So I told the 311 operator where I lost it, how it much was worth. And that was that. I got a report number which I can now use to submit my claim to credit card. Hurrah! I feel so much better that I finished off my Cacao Reserve by Hershey's Dark Chocolate with Cacao Nibs that I got free at the CVS Pharmacy using a coupon from yesterday's newspaper. Delicious, even if it was imported from Germany.

Life (and Monday) is better with a little chocolate, don't you think?

Labels: ,

Sunday, July 15, 2007

Before....And After

Here's a picture of me before entering Loopy Yarns in Chicago's South Loop neighborhood. I'm feeling a bit fatigued after having gotten up at 6 a.m. on this morning, dashing downtown to make an 8:10 a.m. editorial appointment (I was two minutes late thanks to door keys that conspired to get lost and a lagging El train). But I'm also exhilarated too - excited beyond belief at all the possibilities that are whirling in my brain after meeting six magazine editors face-to-face to discuss story ideas. I'm also thinking about a dress that I think I can knit for $15 after buying bunches of yarn for 70 percent at Loopy.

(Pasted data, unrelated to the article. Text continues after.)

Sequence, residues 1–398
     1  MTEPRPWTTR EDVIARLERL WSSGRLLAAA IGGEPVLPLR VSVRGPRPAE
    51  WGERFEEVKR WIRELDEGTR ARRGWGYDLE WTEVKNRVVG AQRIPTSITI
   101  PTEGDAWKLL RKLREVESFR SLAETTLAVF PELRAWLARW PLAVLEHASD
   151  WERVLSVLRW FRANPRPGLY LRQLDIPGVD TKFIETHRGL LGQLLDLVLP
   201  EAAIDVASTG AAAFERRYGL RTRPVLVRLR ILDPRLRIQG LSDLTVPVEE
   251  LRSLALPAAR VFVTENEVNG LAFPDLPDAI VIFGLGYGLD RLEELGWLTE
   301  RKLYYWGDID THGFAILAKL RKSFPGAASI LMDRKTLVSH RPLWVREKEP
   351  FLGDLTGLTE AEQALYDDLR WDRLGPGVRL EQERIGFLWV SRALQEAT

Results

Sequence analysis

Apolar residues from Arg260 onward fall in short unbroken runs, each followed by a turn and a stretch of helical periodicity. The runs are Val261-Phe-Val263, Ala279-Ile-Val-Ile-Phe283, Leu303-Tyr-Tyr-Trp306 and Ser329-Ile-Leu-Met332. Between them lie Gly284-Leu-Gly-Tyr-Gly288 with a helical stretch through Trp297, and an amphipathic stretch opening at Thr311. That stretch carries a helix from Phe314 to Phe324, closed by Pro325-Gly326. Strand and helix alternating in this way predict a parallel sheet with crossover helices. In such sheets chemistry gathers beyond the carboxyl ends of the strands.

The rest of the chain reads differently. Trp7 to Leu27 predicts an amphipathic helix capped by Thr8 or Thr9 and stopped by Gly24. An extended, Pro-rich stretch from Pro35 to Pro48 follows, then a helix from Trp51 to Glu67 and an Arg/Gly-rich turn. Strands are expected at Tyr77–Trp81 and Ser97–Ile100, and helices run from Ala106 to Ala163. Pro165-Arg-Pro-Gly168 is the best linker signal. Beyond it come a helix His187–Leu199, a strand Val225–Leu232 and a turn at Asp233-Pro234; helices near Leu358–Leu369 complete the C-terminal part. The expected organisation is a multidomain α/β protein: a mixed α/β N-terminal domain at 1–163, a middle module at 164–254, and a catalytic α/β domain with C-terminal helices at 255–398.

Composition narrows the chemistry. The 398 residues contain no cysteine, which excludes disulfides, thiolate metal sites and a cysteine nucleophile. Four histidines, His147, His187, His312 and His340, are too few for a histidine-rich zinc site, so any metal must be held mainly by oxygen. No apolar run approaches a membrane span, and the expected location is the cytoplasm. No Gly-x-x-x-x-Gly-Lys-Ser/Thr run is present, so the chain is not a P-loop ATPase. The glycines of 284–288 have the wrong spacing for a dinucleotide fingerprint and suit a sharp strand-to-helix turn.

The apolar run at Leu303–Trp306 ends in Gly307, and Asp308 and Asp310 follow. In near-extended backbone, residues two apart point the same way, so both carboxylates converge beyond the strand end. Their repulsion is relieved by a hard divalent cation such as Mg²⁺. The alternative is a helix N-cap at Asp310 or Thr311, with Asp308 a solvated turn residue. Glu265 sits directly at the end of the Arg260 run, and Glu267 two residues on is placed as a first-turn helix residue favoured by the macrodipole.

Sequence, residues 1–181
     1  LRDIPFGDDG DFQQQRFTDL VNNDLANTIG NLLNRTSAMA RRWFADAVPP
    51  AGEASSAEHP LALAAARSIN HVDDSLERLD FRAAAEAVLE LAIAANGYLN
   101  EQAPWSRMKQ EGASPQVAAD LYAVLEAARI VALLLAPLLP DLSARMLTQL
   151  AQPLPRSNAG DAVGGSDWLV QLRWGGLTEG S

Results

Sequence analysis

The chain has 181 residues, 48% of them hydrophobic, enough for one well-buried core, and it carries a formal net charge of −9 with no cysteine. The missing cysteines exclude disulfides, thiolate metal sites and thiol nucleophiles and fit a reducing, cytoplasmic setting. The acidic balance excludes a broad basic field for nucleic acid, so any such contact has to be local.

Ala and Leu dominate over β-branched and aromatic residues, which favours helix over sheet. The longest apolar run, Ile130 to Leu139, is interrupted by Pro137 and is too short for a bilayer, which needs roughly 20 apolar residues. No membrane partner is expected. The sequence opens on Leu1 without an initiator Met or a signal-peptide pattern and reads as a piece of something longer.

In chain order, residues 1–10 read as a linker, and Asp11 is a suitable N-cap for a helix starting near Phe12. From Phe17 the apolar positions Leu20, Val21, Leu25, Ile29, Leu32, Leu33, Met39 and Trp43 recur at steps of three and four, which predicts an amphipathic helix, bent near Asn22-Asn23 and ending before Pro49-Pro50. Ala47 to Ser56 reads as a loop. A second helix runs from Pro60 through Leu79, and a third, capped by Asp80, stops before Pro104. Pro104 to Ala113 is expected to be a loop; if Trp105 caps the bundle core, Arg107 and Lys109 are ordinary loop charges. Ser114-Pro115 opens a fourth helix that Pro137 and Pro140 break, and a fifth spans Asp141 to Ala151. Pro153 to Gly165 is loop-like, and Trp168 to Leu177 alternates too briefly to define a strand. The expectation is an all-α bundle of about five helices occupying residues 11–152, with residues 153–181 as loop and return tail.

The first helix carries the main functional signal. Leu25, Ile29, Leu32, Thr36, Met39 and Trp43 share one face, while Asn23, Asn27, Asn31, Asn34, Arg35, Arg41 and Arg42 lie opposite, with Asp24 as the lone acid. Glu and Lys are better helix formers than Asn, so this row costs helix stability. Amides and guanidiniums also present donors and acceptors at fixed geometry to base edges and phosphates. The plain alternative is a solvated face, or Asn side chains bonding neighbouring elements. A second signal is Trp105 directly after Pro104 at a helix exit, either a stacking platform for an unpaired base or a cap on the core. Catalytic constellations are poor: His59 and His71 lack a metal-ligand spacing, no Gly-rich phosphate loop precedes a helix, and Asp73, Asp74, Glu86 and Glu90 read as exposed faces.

Now, it turns out the Pima tencel in Purple that I had in mind for the dress (a new one in a book about fitted knits; I forget the exact title) is not on sale. Oops. Cancel the $55.33 purchase on my United Mileage Visa card. It's back to the racks for another project. I end up filling my wiry wooden basket with 10 skeins of another royally-hued fiber: Baby Alpaca DK, normally $6.85 each. I get all these little furry little balls for a grand total of $20.55. A fall sweater of the warm sort is already forming in my mind.